With his graphite pencils, artist Dale Redfern captures the essence of the region's old, abandoned buildings in stark black and white.
More often than not the feeling is a deep sadness left behind by the structure's previous inhabitants. He said it's not unusual for the grief to stay within the four walls and fester with time.
Redfern, 69, first tapped into the ability while on a hunting trip with his brother-in-law near Prince George years ago.
During the hunt, the men stumbled upon on old barn. When Hoyt opened the door, a flood of escaping emotions struck him.
"I did not go in that building," said Redfern, adding the emotions were negative. "I left immediately, but I never forgot it."
But his ability never did, and that's something Redfern is thankful for, he said.
Now an accomplished graphite artist and member of the Kamloops Arts Council and Federation of Canadian Artists, his sketches have appeared in more than a dozen shows including an exhibition at the Federation Gallery in Vancouver during the 2010 Olympics.
Redfern is about to embark on his first solo exhibit, with samples of his work on display at the Kamloops Courthouse Gallery at 7 West Seymour Street.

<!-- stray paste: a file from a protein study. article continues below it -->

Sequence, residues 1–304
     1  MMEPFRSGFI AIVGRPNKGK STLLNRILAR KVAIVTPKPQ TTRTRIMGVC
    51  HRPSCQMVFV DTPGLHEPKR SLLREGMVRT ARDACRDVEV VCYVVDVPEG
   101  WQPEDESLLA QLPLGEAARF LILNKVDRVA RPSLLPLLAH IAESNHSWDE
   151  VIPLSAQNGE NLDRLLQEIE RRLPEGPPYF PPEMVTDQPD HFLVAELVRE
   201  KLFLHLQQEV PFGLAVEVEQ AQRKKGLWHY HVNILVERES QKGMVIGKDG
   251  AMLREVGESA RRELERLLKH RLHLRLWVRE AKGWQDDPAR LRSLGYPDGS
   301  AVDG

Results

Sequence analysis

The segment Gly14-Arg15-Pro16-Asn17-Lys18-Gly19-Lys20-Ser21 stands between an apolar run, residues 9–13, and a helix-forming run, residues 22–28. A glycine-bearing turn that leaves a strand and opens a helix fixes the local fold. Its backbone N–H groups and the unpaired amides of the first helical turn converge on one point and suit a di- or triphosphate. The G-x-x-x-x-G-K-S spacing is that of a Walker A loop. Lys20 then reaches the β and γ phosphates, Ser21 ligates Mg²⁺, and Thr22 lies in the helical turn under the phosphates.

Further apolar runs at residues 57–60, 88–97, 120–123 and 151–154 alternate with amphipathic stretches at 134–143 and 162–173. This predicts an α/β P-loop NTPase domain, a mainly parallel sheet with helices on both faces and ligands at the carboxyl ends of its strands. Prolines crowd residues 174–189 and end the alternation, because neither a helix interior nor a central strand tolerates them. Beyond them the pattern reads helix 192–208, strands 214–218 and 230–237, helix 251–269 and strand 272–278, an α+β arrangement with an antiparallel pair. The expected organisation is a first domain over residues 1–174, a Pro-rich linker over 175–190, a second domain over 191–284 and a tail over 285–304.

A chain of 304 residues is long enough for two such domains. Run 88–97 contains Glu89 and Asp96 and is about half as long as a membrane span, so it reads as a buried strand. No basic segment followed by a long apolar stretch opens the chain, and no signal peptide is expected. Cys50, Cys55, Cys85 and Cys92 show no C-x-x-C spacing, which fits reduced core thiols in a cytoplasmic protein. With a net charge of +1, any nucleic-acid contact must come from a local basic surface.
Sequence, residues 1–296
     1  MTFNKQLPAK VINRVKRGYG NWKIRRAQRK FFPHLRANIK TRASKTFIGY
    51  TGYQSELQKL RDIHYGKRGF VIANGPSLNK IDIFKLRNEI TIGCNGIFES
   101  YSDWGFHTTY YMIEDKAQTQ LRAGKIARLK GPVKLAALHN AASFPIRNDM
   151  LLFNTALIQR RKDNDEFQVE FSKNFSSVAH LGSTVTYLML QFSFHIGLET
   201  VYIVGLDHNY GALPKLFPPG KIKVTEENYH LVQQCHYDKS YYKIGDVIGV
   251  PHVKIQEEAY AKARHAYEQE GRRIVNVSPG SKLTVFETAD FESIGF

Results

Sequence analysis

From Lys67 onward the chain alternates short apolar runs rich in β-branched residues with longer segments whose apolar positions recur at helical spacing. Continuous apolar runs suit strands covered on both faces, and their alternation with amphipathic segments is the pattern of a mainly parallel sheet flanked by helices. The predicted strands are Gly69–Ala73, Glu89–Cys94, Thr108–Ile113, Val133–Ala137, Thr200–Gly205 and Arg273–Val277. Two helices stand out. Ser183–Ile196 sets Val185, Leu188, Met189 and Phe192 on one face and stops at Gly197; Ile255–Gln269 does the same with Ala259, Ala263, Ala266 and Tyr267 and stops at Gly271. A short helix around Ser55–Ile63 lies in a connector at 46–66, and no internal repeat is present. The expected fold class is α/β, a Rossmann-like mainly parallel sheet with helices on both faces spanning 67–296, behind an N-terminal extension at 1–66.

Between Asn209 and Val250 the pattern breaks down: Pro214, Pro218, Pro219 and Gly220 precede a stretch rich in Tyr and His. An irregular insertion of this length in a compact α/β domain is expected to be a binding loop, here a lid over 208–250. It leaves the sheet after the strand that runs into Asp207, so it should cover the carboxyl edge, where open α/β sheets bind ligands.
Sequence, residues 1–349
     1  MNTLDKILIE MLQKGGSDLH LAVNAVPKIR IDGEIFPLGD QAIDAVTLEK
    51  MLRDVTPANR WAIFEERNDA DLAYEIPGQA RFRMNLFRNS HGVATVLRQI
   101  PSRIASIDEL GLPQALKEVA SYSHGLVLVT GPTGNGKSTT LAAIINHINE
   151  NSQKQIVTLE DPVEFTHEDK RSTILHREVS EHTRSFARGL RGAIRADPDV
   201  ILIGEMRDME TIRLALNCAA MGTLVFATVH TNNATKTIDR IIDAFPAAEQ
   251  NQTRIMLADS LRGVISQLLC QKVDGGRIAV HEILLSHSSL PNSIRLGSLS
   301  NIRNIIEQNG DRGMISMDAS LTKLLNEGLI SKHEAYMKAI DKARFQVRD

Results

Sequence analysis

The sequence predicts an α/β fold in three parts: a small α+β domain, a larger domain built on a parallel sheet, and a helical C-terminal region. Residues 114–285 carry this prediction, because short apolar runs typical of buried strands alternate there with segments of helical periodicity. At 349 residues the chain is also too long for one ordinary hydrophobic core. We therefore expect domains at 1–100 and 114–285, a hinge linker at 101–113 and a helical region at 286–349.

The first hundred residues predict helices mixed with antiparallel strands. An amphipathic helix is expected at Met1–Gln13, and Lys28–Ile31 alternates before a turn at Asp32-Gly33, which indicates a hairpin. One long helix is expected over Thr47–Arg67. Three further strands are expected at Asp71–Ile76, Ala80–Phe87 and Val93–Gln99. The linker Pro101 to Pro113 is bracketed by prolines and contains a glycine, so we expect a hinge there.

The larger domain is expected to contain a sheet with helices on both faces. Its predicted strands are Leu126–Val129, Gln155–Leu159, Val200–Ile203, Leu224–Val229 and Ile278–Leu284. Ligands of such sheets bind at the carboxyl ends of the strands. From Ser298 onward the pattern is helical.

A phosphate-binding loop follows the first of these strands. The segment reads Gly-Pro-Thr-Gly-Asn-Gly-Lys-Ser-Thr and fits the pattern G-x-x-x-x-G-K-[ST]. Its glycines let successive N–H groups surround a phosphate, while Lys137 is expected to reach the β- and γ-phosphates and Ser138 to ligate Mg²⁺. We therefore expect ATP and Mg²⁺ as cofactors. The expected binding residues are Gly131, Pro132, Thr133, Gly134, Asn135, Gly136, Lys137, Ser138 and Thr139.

The exhibit runs for four weeks starting on Thursday, Sept. 27, with a grand opening celebration on Sept. 28.
Visitors can expect to see renditions of old buildings in and around Kamloops. Redfern's pride and joy is a sketch of the Old Courthouse where his work will be on display.
He's lovingly sketched The Brownstone restaurant at First Avenue and Victoria Street and a former community centre in Black Pines north of Westsyde.
The Brownstone has had a storied history, he said, adding it's also been a bank.
When possible, Redfern will sit and sketch at the location. If not, he takes a picture with his digital camera and brings the photograph home to draw. But no matter the locale, his heart is in his art, he said.
"This is my love and passion now," said Redfern, adding there are countless old buildings in the region he'd enjoy drawing.
Ever since he first picked up a pencil at the age of 14, Redfern's art has been a method of escape. He grew up in a dysfunctional home in Vancouver and drawing gave him an outlet to deal with the trauma.
"My artwork helped me to pull a lot of that rage out," he said.
Redfern's creativity led him into the sign-painting business in Prince George, where he found inspiration from fellow sign painters. In his free time, he sketched nudes.
It wasn't until he relocated to Kamloops in 1991 that he pursued his art professionally. But it took constant hounding from his wife and the encouragement of another black-and-white artist, Steve Carter, at the Artists' Studio and Gallery in Sahali Mall, to push him into his current career.
When Redfern showed Carter his work, the man asked him why he was wasting his time with other pursuits.
"What are you doing, you fool?" he asked Redfern. "You're an artist."